Moving Forward - A Chapel Talk
By Alex Knapper '18
“Therefore, since we are surrounded by such a great cloud of witnesses, let us throw off everything that hinders and the sin that so easily entangles. And let us run with perseverance the race marked out for us, 2 fixing our eyes on Jesus, the pioneer and perfecter of faith. For the joy set before him he endured the cross, scorning its shame, and sat down at the right hand of the throne of God.” (Hebrews. 12. 1-2.)
This is a story about perseverance, and it begins with an average day in the 7th grade. It was a pretty good day for me. General Tso’s Chicken was served at lunch, and I just needed to get through that afternoon’s cross country practice. I was elated to get out of school, go home, and sleep on the couch. Back-to-school night was scheduled for later that evening, so I would be on my own at home. It was set up to be the best day of the week.
Practice started with our standard stretches, and then Coach Wolfe told us to do our two laps around the meadow. Nothing I couldn’t handle. So, with a couple of buddies of mine, we started with our laps on the sidewalk. However, I carelessly neglected to notice the small ledge between the grass and the pavement. I tripped, and landed on my right arm on the sidewalk. I was surprised, never expecting to trip on such a miniscule ledge; but I shrugged it off, and kept going. As the team started the pilgrim loop, something in my arm didn’t feel right. At first, I thought it was just an abrasion, nothing more. Upon closer inspection, however, I saw that my arm was bent in an unusual way. Instead of being straight like you see here (demonstrate with my arm), the hand was a bit lower than the rest of the wrist. The more time that passed, the more it hurt. I went to see Coach Brian, praying that that it wasn’t anything too bad. My hopes were not met. In the most honest way possible, Coach Brian said the words, “Yup, that arm is definitely broken.” I went to the hospital, my parents never made it to back-to-school night, and my perfect day was ruined; and that, friends, is the lame story of how I broke my wrist during a cross country warm-up lap.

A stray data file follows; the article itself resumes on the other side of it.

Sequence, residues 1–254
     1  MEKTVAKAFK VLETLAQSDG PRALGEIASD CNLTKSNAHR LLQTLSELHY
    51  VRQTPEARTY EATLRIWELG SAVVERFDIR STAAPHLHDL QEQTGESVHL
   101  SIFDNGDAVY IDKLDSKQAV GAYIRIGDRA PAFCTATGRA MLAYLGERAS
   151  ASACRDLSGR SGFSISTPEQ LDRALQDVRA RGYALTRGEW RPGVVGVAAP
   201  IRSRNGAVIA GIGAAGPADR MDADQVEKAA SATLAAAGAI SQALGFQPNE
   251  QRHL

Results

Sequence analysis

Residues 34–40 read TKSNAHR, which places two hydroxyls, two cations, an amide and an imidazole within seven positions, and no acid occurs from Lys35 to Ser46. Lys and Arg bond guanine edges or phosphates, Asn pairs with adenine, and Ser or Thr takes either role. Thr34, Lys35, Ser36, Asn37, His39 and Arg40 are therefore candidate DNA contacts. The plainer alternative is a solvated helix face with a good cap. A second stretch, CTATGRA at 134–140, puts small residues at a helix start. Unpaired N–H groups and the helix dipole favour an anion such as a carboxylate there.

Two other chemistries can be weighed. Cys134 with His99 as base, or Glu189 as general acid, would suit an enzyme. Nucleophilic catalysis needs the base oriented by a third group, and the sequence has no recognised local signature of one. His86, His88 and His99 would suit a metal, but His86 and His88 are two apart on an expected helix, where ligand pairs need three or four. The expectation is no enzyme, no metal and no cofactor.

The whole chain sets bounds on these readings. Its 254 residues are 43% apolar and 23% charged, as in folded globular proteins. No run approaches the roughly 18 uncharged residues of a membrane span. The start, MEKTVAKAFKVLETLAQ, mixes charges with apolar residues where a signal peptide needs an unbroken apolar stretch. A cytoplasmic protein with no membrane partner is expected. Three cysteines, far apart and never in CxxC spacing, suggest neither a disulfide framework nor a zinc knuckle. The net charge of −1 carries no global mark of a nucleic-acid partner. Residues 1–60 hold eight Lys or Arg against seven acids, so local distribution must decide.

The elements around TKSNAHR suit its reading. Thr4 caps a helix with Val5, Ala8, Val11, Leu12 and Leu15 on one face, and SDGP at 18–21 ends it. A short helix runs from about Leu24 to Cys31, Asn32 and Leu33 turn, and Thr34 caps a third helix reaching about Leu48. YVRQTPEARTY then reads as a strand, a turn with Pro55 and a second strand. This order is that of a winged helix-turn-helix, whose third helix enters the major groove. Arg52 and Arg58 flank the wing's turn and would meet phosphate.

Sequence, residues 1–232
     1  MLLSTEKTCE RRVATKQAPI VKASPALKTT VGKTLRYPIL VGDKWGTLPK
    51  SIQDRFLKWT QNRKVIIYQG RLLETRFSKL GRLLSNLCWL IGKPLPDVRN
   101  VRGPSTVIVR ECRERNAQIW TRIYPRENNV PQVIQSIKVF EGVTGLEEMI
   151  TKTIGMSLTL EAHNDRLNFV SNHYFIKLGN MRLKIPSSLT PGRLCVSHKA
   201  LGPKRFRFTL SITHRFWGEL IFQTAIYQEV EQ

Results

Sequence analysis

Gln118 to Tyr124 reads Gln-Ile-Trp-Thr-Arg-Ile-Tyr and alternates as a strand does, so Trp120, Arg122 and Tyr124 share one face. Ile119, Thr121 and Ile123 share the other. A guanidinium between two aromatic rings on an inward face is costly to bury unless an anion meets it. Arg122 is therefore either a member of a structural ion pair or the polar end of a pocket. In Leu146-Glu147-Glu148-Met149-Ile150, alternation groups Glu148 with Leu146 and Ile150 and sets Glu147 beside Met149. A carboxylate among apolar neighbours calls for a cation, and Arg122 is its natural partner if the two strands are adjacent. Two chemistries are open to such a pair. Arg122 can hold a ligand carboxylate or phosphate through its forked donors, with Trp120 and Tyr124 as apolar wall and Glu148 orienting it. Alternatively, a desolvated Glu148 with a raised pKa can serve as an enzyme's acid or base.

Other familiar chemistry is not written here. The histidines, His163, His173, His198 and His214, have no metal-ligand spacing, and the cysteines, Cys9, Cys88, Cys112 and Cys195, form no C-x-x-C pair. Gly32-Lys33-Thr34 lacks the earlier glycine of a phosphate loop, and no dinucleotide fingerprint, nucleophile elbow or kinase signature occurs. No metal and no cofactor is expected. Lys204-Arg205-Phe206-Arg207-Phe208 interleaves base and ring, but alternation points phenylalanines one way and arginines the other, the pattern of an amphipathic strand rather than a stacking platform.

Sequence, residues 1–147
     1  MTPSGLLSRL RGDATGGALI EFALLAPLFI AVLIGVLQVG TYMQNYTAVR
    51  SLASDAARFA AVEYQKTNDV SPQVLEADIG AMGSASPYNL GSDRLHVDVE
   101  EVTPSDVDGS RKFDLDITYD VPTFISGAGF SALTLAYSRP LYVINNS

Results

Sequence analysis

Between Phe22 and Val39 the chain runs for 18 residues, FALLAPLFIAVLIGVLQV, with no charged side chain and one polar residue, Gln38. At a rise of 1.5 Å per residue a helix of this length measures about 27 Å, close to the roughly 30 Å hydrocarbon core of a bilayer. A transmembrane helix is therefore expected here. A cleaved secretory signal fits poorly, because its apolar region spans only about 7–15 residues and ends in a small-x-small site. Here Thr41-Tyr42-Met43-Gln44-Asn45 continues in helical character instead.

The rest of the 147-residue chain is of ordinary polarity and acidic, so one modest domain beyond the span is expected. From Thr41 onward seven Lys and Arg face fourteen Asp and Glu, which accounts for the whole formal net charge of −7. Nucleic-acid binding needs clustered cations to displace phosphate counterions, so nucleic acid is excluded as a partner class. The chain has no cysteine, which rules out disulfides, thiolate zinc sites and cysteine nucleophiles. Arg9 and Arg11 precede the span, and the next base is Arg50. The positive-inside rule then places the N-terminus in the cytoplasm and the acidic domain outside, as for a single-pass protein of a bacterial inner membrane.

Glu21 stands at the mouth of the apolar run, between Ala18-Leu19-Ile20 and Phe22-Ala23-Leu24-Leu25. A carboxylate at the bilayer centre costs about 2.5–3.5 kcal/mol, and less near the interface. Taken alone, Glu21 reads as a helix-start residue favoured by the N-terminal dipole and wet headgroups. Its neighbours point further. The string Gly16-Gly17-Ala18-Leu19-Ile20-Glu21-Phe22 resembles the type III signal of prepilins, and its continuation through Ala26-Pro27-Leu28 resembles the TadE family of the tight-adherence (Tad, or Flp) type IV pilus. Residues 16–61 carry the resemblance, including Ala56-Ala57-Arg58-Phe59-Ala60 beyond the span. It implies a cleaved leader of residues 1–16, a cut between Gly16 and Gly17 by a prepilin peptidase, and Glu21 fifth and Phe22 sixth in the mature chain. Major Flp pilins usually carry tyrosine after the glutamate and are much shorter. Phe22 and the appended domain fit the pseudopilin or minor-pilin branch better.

So, back to the present, and to the subject of perseverance. Even after my totally traumatizing experience in the 7th grade, I didn’t give up on cross country. Even though I’m not the best runner, I still do it. I do it because I enjoy the competition, and most of all, I enjoy running and the company of my teammates. To me, these things are what matters most, and that is why I have persisted in doing it even when it can be hard. Being able to persevere in the face of a previously difficult or traumatizing experience brings us closer to excellence and to glory. The will to push on, even after failing, is important to us as humans; it shows us what we are truly capable of and helps us to achieve our full potential. Giving up, although it might seem like the easy way out, will often prevent us from achieving our goals and our true path.